– Tracked Down by T Max

With a brand new CD coming out this month (just in time for the holidays) the members of Butterscott were forced out of hiding by their record company to promote The Somewhat Disappointing Contractually Followup™. By name, you might think this is a release you could skip, but on closer inspection I was able to dig into bowels of Butterscott and find the missing pieces of a colonoscopy that should have been done years ago. You can come to your own conclusion, but this reporter thinks Butterscott may be on to something big.

Butterscott is:

Jonathan Scott – Vocals and candy

Buzz Syndrome – Public Nuisance #1

Choc Van Shake – Percussion and Belgian waffles

with Ad E. Quate – on scooter

and they are produced by “Shy” Skyy Shalimar

Noise: How did Butterscott first get started?

Jonathan Scott: I guess it started in the spring of 1992.  We released a split cassette called Graprefuit Juice, which of course had a picture of a grapefruit on it – now worth $15 on eBay. Two songs by Butterscott (me and the ever elusive Raven Deathwish) and two songs by Zeus Stone (with Concetta from Princess Superstar).  We were just a studio group back then with no intention of being a band.  I sent out the cassette to radio and press (including the Noise!) and we got some interesting responses.  Metronome refused to review it and called me a wierdo… which is true!  I bought my first 4-track cassette recorder and started making homemade cassettes.  I think I did at least three or four before we actually became a live band.  The live band came about when Sock Eye Salm (Pete Sutton) and Mikey Dee had heard it and they both urged me to put a band together and take this circus on the road. The original band was me, Sock Eye Sam, Mikey Dee and ever reclusive (even more than me) James Apt. Sock Eye Salm is now worth $25 on eBay. No one has seen James Apt since.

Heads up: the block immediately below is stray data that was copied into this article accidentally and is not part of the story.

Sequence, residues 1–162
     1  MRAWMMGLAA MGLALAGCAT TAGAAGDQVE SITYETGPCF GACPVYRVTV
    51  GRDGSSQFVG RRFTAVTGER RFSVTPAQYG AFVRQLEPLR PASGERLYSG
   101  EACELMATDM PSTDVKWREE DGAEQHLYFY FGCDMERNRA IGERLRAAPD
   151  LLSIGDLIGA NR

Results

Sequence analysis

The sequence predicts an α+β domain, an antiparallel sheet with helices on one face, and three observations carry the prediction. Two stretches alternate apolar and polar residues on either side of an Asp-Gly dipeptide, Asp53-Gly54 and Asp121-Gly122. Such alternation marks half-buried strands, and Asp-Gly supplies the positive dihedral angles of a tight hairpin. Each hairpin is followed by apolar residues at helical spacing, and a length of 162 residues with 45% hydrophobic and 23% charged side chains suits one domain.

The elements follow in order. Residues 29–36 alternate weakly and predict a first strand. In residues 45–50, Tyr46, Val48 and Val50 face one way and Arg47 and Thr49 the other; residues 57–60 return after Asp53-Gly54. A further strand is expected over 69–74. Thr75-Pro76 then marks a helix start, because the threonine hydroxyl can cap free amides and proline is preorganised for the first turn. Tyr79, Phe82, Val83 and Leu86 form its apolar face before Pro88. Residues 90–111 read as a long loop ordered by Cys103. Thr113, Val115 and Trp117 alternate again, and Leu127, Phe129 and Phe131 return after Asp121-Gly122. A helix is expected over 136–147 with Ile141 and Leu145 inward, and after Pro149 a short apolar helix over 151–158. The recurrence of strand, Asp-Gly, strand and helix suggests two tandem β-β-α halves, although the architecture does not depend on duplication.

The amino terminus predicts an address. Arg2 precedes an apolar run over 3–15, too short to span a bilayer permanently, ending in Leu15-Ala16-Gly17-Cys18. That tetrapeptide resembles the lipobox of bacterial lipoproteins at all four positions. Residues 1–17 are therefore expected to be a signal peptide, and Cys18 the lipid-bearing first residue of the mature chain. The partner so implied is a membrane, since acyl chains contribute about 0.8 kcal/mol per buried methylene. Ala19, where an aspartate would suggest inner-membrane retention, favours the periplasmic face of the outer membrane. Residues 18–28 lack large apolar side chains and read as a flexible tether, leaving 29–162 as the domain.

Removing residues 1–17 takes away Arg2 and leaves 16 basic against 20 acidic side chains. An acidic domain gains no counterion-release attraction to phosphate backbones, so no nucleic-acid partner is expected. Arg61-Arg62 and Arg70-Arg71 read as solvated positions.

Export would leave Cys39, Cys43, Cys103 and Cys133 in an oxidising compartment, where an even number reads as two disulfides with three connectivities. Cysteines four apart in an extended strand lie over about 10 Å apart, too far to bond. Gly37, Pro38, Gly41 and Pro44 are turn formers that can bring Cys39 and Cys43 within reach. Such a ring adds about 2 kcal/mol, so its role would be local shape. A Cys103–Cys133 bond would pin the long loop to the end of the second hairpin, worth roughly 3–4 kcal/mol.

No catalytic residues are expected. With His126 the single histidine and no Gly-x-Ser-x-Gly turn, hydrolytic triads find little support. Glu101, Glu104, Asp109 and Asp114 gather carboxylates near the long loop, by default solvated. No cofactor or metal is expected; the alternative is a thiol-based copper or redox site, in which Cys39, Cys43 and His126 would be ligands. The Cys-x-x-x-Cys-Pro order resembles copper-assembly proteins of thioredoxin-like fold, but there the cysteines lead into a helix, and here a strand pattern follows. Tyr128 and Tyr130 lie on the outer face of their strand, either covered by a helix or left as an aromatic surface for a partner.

Buzz Syndrome: I came along around 1996 because Sock Eye Salm got pickled and forgot where the gig was.  Then he got abducted by aliens (that’s Irving Aliens, who lives in Billerica now).  My first show was at Jacques Cabaret and that was also the first time I saw Jon get a lap dance from some hairy drag dude.  He seemed to enjoy it. Little Stevie Crater was there on guitar until sometime in 2000. We had Mint Milano on drums for a little bit after Mikey left us and then Choc Van Shake joined the band sometime in 2000.  We found her camped out behind a White Castle, eating tiny burgers!